Under the new BCS arrangement Notre Dame will be guaranteed one of the at-large slots in a BCS bowl if it is ranked No. 8 or better in the final BCS standings. It is also guaranteed annual payment for its participation in the BCS. In those seasons in which the Irish play in a BCS bowl game, the school will receive $4.5 million (an amount equivalent to that received by a conference that places a second team in a BCS bowl). In those seasons in which Notre Dame does not play in a BCS bowl game, it is projected to be paid $1.3 million for its participation in the BCS arrangement.
As in the [past] BCS arrangement, no more than two teams from the same conference may play in the BCS bowls in any particular season.
So are you getting the same picture I’m getting? If so, you have Turkey Vision, which this birdbrain translates to “mo’ money.” Let’s add an extra game, sell more tickets and TV rights, and make lots more money. Determination of a real national champion is incidental to these pecuniary interests.
It is anticipated that payments to those conferences whose champions have an annual automatic berth in a BCS bowl game will be approximately $17 million following the 2006 regular season and increase to $18.5 million for the BCS bowl games played following the 2009 regular season. Any conference placing a second team in one of the BCS bowls will continue to receive a payment of $4.5 million for such team.
And Fox won the rights to broadcast all the BCS games except for the Rose Bowl, which ABC will continue to broadcast through 2014.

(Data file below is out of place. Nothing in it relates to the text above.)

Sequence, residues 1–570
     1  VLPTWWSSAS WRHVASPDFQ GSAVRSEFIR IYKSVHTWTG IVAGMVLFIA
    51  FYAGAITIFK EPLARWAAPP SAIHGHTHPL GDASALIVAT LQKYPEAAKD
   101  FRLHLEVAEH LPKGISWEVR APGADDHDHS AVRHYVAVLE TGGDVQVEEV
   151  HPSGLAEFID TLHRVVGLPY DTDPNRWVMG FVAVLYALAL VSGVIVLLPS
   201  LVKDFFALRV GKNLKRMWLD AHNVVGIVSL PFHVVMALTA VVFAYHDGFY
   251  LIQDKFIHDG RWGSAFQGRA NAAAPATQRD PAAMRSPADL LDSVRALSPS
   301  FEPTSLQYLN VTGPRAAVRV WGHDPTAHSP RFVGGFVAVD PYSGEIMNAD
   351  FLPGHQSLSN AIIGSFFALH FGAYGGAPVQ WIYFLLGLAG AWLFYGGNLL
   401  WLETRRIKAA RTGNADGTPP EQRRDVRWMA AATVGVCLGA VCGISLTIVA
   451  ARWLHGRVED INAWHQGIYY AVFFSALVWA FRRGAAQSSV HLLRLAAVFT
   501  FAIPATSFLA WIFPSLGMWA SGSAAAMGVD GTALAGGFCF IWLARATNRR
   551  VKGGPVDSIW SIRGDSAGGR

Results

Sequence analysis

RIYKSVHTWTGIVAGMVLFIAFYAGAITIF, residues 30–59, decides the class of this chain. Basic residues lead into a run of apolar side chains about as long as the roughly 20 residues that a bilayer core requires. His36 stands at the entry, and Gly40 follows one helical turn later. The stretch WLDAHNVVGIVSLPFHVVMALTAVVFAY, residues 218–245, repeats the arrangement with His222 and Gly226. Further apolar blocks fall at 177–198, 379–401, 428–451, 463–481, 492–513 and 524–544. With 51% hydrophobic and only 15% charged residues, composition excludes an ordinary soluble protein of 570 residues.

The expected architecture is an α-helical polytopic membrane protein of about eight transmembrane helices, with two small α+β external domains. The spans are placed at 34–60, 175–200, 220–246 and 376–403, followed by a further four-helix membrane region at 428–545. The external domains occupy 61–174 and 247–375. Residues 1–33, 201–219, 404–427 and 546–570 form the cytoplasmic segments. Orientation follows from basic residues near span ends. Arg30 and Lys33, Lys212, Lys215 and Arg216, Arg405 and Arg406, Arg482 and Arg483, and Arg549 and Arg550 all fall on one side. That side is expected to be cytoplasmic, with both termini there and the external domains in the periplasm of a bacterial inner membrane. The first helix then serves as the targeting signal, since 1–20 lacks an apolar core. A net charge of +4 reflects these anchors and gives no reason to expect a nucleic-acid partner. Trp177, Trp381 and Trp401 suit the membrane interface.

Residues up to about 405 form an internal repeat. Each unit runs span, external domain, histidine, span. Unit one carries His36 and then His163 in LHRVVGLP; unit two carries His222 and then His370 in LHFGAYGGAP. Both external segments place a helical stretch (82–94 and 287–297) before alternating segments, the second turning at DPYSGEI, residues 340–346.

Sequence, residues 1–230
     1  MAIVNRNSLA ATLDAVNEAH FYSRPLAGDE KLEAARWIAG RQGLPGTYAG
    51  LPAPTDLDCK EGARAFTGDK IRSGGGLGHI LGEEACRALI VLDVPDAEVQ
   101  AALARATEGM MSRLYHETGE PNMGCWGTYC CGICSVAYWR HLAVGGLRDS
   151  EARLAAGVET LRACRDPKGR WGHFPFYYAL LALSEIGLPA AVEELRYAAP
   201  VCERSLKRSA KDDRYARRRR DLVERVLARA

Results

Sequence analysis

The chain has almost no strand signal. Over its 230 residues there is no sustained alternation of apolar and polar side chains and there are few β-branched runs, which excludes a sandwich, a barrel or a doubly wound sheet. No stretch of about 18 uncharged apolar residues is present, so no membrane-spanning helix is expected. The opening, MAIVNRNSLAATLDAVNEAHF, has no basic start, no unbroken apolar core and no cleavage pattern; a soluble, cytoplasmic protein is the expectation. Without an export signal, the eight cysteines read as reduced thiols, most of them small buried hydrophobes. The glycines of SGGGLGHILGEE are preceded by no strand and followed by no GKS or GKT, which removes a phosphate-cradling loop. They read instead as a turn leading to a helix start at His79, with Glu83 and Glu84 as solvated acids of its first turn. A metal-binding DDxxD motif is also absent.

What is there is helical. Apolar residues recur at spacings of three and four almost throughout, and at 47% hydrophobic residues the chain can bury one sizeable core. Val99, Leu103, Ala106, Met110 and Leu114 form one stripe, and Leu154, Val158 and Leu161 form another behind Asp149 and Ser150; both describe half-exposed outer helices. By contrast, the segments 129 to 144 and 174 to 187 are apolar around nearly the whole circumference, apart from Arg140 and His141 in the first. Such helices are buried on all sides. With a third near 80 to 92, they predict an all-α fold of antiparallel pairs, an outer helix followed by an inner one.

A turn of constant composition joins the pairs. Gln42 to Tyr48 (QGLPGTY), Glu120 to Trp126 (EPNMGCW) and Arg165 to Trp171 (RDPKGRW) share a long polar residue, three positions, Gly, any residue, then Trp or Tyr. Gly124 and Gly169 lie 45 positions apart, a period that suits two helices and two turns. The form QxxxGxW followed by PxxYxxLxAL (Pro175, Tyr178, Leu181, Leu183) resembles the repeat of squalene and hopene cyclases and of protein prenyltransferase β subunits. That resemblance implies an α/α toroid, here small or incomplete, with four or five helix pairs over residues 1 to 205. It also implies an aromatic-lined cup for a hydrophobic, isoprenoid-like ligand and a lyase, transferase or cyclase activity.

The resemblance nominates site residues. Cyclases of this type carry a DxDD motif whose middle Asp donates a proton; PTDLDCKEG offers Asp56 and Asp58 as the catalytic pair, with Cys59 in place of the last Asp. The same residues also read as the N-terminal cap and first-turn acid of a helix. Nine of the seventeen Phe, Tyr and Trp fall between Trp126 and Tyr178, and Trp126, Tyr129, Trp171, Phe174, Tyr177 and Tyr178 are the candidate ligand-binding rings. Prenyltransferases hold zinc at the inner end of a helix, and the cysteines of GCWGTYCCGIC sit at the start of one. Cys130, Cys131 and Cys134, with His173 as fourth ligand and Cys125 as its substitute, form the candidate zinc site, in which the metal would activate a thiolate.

The Turkey Wants to Know: If there can only be one team from each conference, how can a conference place a second team in one of the BCS bowls? I’m scratching my head here.
Now, you might be wondering what happens after the 2007 season with respect to which conference champions are automatically included in the BCS mix. Here is the explanation:
After the 2007 season, automatic qualification standards will be applied to all 11 Division I-A conferences to determine the number of conferences whose champion will automatically qualify for a BCS game for the next two seasons (’08 and ’09). Each conference will be evaluated on each of the previous four seasons (’04, ’05, ’06, ’07), based on membership during the ’07 season. The champions of no fewer than five conferences and no more than seven conferences will have annual automatic berths in the BCS bowl games played following the 2008 and 2009 regular season.
If you can figure this out, go ahead. I don’t have the patience to fathom it. But I think that the object is to fix the inequities between the so-called major conferences (which currently include the Big Least) and the up-and-comers.
So, it looks like a Division I-A championship playoff is not in the offing until at least the twenty-teens. The lifespan of a Nittany Turkey might not be long enough to see it if it ever happens. But perhaps if they keep messing with it and don’t get caught up in too many revenue enhancement schemes, they might eventually get it right in somebody’s lifetime. In the meanwhile, it’s still a somewhat mythical national championship.